Note: If the 60,000 households actually cover 1.5 employed or unemployed persons each, then the survey actually covers 90,000. The number above becomes +/-180, which is an easier tolerance to reach. These numbers can be compared to +/-167 estimated previously by a different method.

What the DOL Says about Significant Changes

The DOL Bureau of Labor Statistics – BLS – indicates than changes roughly 1.3 times the measurement error are needed for 90% confidence that a change has occurred. In the following quote CPS refers to the Household Survey and CES refers to the Establishment Survey:

The coefficient of variation (CV) is 1.9 percent on national monthly estimates of employment level from the CPS, which translates into a change of 0.2 percentage point in the unemployment rate being significant at the 90-percent confidence level. Because the CPS has a much smaller sample than the CES, its margin of error on the measurement of month-to-month employment change is much larger. For a monthly change in CPS employment to be significant, it must be about plus or minus 400,000, while the threshold of significance for total CES employment is 104,000.

The Number of Unemployed and the Civilian Labor Force

a road sign saying career change ahead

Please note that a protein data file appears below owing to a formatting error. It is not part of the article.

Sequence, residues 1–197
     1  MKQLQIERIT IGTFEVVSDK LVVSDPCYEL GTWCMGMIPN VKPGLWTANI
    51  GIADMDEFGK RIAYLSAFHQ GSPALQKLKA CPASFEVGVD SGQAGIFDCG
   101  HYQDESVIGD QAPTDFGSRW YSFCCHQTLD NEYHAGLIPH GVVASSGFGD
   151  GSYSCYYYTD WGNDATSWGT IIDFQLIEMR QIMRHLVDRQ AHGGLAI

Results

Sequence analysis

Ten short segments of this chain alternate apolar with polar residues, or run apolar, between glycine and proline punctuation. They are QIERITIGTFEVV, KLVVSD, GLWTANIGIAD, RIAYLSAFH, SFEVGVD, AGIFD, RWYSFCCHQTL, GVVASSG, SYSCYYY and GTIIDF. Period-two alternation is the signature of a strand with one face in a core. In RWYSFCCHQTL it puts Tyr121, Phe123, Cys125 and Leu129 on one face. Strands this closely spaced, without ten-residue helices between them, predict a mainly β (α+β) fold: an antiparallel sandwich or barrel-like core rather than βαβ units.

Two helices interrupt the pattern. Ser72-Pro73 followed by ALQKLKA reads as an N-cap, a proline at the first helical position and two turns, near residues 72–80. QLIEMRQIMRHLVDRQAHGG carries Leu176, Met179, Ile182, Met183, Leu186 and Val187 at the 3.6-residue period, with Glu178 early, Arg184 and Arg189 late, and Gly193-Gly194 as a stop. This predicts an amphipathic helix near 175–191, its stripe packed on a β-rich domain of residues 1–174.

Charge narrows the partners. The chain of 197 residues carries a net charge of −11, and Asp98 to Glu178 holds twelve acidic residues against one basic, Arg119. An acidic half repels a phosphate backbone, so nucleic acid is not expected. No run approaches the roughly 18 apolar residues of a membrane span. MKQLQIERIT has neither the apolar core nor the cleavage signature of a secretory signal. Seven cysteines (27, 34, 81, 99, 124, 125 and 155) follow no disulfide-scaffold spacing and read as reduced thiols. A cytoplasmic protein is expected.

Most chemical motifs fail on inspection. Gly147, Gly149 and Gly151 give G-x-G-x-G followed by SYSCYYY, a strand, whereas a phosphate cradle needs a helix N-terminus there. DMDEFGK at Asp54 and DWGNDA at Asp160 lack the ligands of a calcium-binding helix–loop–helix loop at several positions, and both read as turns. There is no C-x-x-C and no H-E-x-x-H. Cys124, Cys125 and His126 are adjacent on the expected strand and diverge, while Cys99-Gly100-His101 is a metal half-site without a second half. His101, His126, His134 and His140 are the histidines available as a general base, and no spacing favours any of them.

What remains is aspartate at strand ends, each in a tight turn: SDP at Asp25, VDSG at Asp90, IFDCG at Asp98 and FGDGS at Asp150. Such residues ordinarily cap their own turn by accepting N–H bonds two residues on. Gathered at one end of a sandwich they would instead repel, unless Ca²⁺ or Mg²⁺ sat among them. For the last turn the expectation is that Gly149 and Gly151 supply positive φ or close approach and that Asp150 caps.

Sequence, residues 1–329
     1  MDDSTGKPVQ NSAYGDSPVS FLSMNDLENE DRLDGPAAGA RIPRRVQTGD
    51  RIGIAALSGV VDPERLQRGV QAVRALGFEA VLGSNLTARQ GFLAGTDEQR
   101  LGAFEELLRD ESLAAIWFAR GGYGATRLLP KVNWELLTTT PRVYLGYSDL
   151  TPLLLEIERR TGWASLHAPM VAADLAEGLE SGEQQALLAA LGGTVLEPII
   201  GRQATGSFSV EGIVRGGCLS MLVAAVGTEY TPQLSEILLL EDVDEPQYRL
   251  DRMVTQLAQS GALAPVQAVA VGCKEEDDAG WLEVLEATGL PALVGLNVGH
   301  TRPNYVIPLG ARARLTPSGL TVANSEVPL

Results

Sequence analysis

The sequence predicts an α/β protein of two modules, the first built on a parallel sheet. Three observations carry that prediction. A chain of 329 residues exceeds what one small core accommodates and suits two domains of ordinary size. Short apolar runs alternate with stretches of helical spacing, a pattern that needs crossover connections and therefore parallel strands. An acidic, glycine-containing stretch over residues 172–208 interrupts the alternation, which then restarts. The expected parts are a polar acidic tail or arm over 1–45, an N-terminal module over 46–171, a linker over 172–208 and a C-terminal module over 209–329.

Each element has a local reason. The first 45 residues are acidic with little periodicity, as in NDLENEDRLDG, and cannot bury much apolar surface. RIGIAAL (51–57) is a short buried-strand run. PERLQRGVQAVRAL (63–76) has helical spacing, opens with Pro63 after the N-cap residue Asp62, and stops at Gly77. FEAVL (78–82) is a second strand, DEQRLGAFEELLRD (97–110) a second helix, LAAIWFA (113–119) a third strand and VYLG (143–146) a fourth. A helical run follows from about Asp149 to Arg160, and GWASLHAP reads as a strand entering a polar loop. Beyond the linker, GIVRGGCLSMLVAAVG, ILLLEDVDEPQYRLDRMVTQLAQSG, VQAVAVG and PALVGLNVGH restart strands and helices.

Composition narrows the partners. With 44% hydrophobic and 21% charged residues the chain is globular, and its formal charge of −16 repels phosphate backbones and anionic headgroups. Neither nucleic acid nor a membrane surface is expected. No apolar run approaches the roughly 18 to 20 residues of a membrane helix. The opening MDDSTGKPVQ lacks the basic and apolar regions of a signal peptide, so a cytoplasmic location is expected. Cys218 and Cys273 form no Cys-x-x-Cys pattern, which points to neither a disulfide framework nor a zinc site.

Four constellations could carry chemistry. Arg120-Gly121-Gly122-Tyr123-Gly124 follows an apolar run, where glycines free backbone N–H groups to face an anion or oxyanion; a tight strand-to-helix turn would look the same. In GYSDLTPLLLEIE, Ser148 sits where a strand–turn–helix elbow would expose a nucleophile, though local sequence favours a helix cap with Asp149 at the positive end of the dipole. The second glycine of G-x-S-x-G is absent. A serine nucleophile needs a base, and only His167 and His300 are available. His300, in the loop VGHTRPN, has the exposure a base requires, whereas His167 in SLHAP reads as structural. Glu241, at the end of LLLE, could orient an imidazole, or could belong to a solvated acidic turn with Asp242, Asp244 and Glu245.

The survey procedures for determining the number of unemployed and the number to be counted in the labor force are very clear. There is much room for debate about whether these procedures are optimal. Specifically, those not working are classified on the following basis:

  1. Those not working who have looked for work in the previous four weeks are classified as unemployed and in the civilian labor force.
  2. Those not working who have not looked for work in the preceding four weeks are not classified as unemployed and are classified as not in the civilian labor force.
  3. Those not in the civilian labor force are classified as “discouraged” workers if they answer affirmatively certain qualifying questions indicating they want work or would accept work, even though they are not actively looking for work.

The unprecedented decline in the civilian labor force over the past nine months (1.8 million) may be a result of people who will come back into the labor force when things improve, but for now are being relegated to the “not in the civilian labor force” category.